Nancy Kerrigan is a retired figure skater.
She is the 1994 Olympic silver medalist, the 1992 Olympic bronze medalist, a two-time world medalist, and the 1993 U.S. national champion.
Kerrigan gained considerable fame beyond the skating world when, on January 6, 1994, she was clubbed in the right knee with a police baton by Shane Stant during a practice round on the eve of the U.S. Figure Skating Championships at Cobo Arena in Detroit, an assault planned by rival Tonya Harding’s ex-husband Jeff Gillooly and co-conspirator Shawn Eckardt. The incident became known as “The Whack Heard Round the World.”
Some of the attack and its aftermath was caught on camera and broadcast around the world, particularly the now famous footage of attendants helping Nancy Kerrigan as she grabs at her knee wailing “Why, why, why?” Although Kerrigan’s injury forced her to withdraw from the U.S. Championships, her rivals agreed that she merited one of the two spots on the Olympic team. The USFSA chose to name her to the Olympic team rather than second-place finisher Michelle Kwan.
Nancy Kerrigan recovered quickly from her knee injury and resumed her intensive training. She practiced by doing complete back-to-back double runs-through of her programs, until she felt completely confident in her ability to compete under pressure. The fame she had acquired from the attack led to further professional opportunities; it was reported that she had already signed contracts for $9.5 million before the Olympic competition began.
Seven weeks after the attack, Nancy Kerrigan skated what she considered to be the best two performances of her life and won the silver medal in the 1994 Lillehammer Winter Olympics at the Hamar Olympic Amphitheatre, finishing second to Oksana Baiul. Kerrigan won the short program, but lost the free skate to Baiul in a close and controversial 5–4 decision. CBS Television played up the controversy by portraying it as a Cold War East-West split, singling out German judge Jan Hoffmann in particular for supposed biased judging.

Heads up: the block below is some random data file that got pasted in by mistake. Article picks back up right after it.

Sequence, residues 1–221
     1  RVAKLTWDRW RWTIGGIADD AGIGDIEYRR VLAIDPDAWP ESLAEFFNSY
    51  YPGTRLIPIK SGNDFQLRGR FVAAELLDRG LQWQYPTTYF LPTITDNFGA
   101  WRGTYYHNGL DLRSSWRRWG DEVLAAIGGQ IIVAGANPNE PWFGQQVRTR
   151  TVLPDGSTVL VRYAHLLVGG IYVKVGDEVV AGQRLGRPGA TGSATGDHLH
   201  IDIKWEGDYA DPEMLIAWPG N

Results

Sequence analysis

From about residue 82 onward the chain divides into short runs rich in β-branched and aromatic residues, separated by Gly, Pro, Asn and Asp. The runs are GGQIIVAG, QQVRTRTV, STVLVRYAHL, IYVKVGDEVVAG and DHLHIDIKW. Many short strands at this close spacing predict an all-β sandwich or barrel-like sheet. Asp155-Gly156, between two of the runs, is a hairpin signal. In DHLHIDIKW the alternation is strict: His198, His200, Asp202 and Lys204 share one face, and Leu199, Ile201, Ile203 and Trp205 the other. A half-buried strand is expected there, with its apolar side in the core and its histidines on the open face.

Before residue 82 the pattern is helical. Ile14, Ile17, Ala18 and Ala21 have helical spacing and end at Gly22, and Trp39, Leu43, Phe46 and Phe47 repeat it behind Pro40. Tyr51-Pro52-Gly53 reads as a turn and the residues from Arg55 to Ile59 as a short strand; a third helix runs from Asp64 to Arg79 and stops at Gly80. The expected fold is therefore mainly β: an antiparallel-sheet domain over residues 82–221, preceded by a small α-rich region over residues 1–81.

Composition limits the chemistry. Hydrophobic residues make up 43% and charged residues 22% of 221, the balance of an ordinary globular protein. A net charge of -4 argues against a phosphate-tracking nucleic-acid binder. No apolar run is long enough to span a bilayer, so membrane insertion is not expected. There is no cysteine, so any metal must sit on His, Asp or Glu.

Then, while Nancy Kerrigan and bronze medalist Chen Lu waited over 20 minutes for Olympic officials to find a copy of the Ukrainian national anthem, someone mistakenly told Kerrigan the delay in the presentation was because Baiul had cried off her make-up and was getting it retouched. Kerrigan, with obvious frustration, was caught on-camera saying “Oh, come on. She’s going to get up there and cry again. What’s the difference?” CBS chose to air the undiplomatic comment. This marked a distinct shift in the way Kerrigan was portrayed in the media, which had been somewhat protective of her image up to that point because of the attack against her.
Nancy Kerrigan then chose not to attend the closing ceremonies at the Olympics. Her agent claimed this was because Norwegian security advised her not to do so because of death threats that had been made against her, but this was later denied. Instead, she left Norway early to take part in a pre-arranged publicity parade at Walt Disney World, her $2 million sponsor. During the parade, she was caught on microphone saying to Mickey Mouse, “This is dumb. I hate it. This is the corniest thing I have ever done.” She later claimed her remark was taken out of context: she was not commenting on being in the parade, but rather because her agent insisted she wear her silver medal in the parade. She said showing off and bragging about her accomplishments was something that her parents always taught her not to do. She added that she had nothing against Disney or Mickey Mouse, and “Who could find fault with Mickey Mouse? He’s the greatest mouse I’ve ever known.”
News articles described Kerrigan as “grumpy” and “bitchy”, as well as shy and uncomfortable with the attention that was focused on her because of the attack. Commenting on the media backlash, Mike Barnicle of The Boston Globe said “Now the thing is over so we’ve got to kill her. That’s us [the media], not her.” Either because of the bad publicity or her own inclinations, some of Kerrigan’s previously-announced endorsement and television deals were dropped after the Olympics.
How Nancy Kerrigan Made Her Money – Figure Skating
Estimated Net Worth: $8 Million
Birthday: October 13, 1969